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P2P fibre trunk link over 1 km

We have bought a new floor in a new building which is approx 1 km from our current office where the core switch resides.I am planning to use a 100mbps Point to point fibre link to connect the L2 switch at new floor which has capacity of around 200 users to the core switch at old office.I will then pass all the vlans over the trunk link.Are there any issues in this setup?

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balaji.bandi
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We are not sure how you are extending the Fibre through provider or own Fibre link

Either canse, as long as you have right interfaces used and i do not see any issue here extending the link.

 

Make sure spanning tree configuration on the new switch.(it should not elect as root bright).

 

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ISP is providing 100mb point to point...we will be connecting the cable to gig ports on both ends...the core switch at old building is the root bridge with prior lowest....can be there be any latency issues due to distance?

there will be small ignorable always add when the distance increases.

 

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Once you are not consuming the total throughput of your link latencies will remain fairly constant an average of 1ms or sub ms will be achievable.

And as usual there is always the word IF the link is being over utilized then latencies will become an issue and at that point your QOS will not have much of a control.

 

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P.Williams

". . . IF the link is being over utilized then latencies will become an issue and at that point your QOS will not have much of a control."

BTW, actually it's when a link is congested that you often benefit most from a QoS implementation. It's certainly true, QoS will not eliminate all traffic's latency, but it often can eliminate much of the latency for some traffic. For the traffic which is not prioritized, i.e. to minimize its latency, QoS sometimes can make other traffic's latency less variable and/or keep if from increasing further.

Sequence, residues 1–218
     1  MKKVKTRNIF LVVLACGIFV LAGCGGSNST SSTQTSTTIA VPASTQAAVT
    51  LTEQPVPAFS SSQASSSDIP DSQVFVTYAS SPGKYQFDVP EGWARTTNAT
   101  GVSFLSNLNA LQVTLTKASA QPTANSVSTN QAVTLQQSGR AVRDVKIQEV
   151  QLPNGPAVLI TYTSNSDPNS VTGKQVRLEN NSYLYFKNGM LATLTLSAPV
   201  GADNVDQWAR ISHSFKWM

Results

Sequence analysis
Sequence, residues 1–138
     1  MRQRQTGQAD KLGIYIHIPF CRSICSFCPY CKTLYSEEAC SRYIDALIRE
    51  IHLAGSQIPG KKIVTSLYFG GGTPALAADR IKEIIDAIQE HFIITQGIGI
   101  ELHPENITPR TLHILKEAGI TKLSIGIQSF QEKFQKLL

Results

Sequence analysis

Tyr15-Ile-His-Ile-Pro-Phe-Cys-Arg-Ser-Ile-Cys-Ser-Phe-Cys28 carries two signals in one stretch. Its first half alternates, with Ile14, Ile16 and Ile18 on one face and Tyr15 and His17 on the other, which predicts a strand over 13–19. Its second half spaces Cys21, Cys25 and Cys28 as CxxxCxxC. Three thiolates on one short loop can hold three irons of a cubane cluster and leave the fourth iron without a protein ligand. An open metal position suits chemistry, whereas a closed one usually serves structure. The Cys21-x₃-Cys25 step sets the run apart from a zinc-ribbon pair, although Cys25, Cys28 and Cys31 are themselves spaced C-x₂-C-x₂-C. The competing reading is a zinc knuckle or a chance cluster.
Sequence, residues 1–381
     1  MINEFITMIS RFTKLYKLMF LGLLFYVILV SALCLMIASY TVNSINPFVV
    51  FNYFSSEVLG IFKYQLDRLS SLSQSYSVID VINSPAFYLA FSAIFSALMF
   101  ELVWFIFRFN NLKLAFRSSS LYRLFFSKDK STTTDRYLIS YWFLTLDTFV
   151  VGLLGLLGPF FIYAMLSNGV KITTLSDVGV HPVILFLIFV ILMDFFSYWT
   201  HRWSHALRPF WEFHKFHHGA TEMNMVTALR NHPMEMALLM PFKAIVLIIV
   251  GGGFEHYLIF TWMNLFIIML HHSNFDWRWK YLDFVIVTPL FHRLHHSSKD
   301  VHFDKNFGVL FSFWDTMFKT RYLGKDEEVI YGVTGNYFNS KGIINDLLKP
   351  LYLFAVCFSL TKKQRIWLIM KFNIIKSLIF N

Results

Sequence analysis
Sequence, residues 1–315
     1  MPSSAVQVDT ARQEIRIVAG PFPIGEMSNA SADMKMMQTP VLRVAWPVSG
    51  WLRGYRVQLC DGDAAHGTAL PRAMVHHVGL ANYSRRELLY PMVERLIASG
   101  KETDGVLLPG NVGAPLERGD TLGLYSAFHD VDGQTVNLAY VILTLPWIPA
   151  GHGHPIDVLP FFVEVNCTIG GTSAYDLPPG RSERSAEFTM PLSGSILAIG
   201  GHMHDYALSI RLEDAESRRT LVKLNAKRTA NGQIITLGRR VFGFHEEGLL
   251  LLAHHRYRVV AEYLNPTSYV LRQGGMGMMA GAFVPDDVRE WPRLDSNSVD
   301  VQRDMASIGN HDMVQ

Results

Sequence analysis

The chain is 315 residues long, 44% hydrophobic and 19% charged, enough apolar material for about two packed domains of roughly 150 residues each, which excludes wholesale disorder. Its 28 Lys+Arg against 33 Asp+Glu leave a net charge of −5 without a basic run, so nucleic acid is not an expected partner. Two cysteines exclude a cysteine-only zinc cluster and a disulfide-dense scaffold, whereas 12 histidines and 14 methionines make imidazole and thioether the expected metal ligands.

Once the ISP is delivering a true Ethernet based link you will be able to establish a trunk to trunk link on both ends.

Ensure that all  VLANs that are not used at your remote location are pruned so as to prevent  unnecessary broadcast form traversing across the L2 link hence saving bandwidth which is always a good thing.

 

You will also have a root bridge election going on between your main office SW and the remote SW and in no case your remote SW should end up being the root switch, as this may cause some serious headaches on your part, to prevent  this ensure that your root priority is set to the max by issuing    spanning-tree vlan X priority 61440 on your remote SW

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P.Williams

Joseph W. Doherty
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For 200 users, now a-days, 100 Mbps might be a bit on the light side, but impact of that depends on just how those users consume bandwidth.

As other posters have noted, if you're going to trunk across the link, you'll probably want to limit VLANs on the link to only those used. However, to extend making best use of your bandwidth, might be to consider having the link be L3.

Also depending on what your users are doing, you might consider a QoS configuration on both ends. Again, now a-days, if often doesn't take much to congest a 100 Mbps port, and if one user does it, the other 199 will suffer, which may be a real problem if your doing/planing for VoIP.

Regarding your question on latency, as also noted by other posters, yes distance adds latency; for 1 KM (two way) it should be less than 10 microseconds.

Hi Joseph,

 

Thanks for the reply...there is no voip traffic on the link...it will be a plain data link....the reason we didnt configure it as a L3 is bcos the setup is little complicated so we decided on just extending the lan...i agree 100mb might be little less and we plan to upgrade to 200 after monitoring the usage for around a week.

if you have valid reason L2 then you welcome to go and deploy ( consider security Point of view). if you able to run some security mechanish which you prefer is acceptable way. - again depends on the end to end device supported features.

 

 

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